Waiting in front of us was this lady, in her 40's, standing alone with an autograph book and wearing just shy of 100 Disney pins and large mickey ears. Finally it was her turn to meet Goofy and she talked, and talked, and talked. Talked about how much she loved Goofy and explained her favorite Goofy short cartoons, etc. Talking to Goofy, who as we all know is a guy in a really hot costume. She had Goofy sign her autograph book (really?) and posed for countless pictures that someone was taking. Keep in mind this was just for her, she had no kids in sight. And then....that was it, Goofy and Pluto had to leave. Given the heat, I knew it would happen sooner rather than later.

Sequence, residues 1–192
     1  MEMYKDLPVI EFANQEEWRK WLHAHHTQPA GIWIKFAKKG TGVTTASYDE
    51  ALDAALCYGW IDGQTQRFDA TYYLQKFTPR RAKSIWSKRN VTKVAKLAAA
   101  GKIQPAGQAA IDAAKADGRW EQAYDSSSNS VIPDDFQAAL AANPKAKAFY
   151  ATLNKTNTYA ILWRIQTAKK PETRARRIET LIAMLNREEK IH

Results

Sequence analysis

Naturally, my daughter's heart was broken. It is hard to reason with a little girl who just turned 3 and wanted to meet Goofy more than anything. She was sad that Goofy didn't like her and she started to cry (which as a father is pretty heartbreaking). So we quickly took her over to TriceraTop Spin to make her feel better (she told me, "Daddy, its like Dumbo....but with dinos!", which to me is the best ever description)
Now look, I understand Disney fandom. I get it. I mean, I don't understand pin trading and adults getting autographs, but I know that people out there are passionate about it. But to me there is a breaking point, and monopolizing Goofy's time in that heat ahead of a line of children just seems rude to me. If the line was empty, then great, get in line and get your pictures. Have some fun! But if the line is filled with kids, I would think an adult would step aside and say, "Your little girl should go ahead."